The Lady with the Little Dog
Anton Chekhov
"And why are there no thunderstorms in the winter, father?"

He explained that, too. He talked, thinking all the while that he was going to
see her, and no living soul knew of it, and probably never would know. He had
two lives: one, open, seen and known by all who cared to know, full of relative
truth and of relative falsehood, exactly like the lives of his friends and
acquaintances; and another life running its course in secret. And through some
strange, perhaps accidental, conjunction of circumstances, everything that was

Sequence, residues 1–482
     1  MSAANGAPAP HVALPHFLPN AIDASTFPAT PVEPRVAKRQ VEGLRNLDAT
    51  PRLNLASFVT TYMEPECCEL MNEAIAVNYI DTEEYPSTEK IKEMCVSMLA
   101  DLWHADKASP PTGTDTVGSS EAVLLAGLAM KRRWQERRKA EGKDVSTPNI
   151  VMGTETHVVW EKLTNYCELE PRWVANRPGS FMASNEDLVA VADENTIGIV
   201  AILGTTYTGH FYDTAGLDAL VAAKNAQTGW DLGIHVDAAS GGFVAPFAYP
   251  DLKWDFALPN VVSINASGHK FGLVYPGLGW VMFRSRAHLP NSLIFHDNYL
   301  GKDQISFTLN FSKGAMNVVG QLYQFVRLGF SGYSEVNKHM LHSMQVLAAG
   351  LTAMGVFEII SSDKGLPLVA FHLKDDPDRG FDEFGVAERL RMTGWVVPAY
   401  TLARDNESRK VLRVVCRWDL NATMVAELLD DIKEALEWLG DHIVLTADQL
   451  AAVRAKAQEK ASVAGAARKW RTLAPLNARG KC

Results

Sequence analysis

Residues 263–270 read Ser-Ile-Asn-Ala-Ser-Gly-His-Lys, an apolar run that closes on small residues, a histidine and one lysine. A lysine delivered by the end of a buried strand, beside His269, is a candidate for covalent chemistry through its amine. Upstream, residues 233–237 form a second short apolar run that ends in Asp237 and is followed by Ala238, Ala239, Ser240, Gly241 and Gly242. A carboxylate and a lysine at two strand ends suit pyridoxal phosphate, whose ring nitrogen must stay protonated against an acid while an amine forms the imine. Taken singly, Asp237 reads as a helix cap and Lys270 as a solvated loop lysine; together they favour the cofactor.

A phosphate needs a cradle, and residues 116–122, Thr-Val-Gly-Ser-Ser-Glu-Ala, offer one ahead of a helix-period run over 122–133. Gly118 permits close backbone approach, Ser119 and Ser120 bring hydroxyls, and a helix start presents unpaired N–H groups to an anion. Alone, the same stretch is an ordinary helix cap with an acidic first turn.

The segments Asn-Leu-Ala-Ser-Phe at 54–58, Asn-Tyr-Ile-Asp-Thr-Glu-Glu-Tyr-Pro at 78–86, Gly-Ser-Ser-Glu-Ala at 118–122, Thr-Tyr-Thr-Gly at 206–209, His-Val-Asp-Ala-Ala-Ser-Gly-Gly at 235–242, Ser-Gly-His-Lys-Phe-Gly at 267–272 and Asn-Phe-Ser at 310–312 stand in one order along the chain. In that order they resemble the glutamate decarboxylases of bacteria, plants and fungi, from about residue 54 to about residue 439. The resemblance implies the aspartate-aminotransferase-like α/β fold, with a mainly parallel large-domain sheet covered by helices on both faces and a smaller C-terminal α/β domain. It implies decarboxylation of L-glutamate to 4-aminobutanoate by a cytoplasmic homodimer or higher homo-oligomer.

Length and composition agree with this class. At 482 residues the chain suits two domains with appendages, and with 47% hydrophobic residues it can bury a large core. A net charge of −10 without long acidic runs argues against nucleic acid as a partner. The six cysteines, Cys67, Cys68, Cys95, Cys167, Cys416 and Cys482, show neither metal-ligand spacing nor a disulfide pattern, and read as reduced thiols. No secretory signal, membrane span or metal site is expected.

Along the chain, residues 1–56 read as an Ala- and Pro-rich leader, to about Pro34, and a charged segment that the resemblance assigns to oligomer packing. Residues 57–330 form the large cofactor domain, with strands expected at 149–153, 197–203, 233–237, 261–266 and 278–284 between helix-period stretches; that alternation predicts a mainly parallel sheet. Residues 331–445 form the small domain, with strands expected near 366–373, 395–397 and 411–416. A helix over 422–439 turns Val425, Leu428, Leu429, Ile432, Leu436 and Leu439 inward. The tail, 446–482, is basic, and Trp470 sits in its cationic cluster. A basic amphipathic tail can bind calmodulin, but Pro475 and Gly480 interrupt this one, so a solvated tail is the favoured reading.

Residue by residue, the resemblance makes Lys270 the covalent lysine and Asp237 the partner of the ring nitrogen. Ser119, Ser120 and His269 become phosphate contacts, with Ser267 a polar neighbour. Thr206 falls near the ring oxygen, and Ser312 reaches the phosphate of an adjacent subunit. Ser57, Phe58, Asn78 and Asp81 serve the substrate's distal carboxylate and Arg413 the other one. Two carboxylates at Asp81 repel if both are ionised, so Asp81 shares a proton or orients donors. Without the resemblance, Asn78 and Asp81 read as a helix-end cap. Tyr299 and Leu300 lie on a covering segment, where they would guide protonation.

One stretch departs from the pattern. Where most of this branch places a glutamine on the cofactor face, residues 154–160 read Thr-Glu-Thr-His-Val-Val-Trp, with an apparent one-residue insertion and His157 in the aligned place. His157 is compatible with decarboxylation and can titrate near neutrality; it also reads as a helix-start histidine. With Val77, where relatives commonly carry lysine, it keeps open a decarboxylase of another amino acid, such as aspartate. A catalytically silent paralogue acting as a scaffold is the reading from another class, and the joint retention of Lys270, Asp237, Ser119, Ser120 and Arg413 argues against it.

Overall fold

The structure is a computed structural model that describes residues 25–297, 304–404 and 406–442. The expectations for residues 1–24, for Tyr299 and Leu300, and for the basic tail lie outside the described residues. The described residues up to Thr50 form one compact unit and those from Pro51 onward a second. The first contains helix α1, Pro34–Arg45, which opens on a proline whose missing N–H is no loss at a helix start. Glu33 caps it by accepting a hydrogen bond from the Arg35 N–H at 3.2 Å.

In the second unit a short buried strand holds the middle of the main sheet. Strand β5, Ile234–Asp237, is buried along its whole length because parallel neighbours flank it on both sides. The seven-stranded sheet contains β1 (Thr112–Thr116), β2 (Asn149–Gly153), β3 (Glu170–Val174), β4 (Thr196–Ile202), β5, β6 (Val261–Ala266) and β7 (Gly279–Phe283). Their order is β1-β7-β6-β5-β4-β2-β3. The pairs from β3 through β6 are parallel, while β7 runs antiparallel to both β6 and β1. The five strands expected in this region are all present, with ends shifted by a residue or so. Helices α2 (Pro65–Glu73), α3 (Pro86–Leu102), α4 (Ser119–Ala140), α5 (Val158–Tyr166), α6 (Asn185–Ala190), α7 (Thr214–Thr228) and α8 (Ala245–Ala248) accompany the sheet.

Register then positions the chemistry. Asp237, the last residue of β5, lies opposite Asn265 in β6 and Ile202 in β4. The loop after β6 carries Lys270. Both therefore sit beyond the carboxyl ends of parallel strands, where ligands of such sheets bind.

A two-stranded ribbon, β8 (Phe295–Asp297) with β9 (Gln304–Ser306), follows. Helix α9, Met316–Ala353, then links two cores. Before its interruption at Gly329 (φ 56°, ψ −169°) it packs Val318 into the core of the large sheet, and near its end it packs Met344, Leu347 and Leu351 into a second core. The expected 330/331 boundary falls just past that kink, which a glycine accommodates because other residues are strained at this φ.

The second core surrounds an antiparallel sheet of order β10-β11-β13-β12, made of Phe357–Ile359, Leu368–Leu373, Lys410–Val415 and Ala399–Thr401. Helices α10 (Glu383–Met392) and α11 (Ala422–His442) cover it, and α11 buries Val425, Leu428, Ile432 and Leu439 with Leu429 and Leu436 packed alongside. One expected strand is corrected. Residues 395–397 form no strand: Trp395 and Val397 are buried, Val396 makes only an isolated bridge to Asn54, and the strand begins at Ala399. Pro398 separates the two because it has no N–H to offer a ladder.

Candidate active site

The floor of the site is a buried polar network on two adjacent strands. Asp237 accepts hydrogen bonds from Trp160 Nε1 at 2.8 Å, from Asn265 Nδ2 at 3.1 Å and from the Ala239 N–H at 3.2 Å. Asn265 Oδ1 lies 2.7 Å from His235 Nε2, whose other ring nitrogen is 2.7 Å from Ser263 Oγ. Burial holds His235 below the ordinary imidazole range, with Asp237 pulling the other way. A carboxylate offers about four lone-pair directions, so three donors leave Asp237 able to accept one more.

essential, of interest and of value to him, everything in which he was sincere
and did not deceive himself, everything that made the kernel of his life, was
hidden from other people; and all that was false in him, the sheath in which he
hid himself to conceal the truth -- such, for instance, as his work in the
bank, his discussions at the club, his "lower race," his presence with his wife
at anniversary festivities -- all that was open. And he judged of others by
himself, not believing in what he saw, and always believing that every man had
his real, most interesting life under the cover of secrecy and under the cover
of night. All personal life rested on secrecy, and possibly it was partly on
that account that civilised man was so nervously anxious that personal privacy
should be respected.